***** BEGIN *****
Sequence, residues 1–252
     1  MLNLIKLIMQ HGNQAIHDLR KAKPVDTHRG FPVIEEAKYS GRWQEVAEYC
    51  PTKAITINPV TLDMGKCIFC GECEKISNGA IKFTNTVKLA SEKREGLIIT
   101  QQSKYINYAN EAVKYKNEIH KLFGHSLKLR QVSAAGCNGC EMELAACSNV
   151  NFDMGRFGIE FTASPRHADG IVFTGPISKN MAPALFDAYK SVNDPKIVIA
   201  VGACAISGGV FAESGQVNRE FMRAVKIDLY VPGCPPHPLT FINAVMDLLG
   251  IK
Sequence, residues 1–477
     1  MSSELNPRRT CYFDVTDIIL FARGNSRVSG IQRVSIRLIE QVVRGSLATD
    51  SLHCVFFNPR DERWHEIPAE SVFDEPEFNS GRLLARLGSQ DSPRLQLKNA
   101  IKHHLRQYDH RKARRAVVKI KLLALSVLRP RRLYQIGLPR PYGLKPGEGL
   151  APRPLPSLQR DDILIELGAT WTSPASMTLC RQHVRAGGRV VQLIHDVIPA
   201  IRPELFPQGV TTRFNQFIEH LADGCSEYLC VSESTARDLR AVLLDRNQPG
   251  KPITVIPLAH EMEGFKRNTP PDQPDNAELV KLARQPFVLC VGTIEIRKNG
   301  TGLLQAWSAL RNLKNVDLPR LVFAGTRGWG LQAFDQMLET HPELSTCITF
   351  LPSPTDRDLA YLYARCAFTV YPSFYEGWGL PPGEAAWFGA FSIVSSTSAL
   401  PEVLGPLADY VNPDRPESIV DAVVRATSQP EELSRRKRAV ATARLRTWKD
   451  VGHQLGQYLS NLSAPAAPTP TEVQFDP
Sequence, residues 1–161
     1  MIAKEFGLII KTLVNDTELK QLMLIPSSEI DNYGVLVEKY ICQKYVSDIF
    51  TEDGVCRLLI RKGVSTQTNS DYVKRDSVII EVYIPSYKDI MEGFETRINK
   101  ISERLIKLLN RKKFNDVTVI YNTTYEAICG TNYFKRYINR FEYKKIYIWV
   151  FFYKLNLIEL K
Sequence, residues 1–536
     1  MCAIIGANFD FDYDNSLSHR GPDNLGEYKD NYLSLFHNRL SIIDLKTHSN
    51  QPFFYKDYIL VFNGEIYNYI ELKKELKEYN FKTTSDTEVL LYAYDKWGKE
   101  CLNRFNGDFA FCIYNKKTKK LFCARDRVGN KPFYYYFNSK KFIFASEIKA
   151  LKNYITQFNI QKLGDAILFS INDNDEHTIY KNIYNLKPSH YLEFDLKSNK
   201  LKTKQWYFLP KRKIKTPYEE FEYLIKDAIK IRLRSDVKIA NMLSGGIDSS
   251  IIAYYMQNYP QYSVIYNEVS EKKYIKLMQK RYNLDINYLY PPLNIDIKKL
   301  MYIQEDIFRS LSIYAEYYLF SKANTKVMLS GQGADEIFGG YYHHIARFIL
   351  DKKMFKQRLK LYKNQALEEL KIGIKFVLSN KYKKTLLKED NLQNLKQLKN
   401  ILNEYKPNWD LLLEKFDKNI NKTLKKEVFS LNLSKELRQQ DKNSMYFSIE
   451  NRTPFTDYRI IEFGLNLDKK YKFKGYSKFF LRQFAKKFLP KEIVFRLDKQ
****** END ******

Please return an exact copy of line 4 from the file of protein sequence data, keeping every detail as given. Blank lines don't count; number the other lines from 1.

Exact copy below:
   101  QQSKYINYAN EAVKYKNEIH KLFGHSLKLR QVSAAGCNGC EMELAACSNV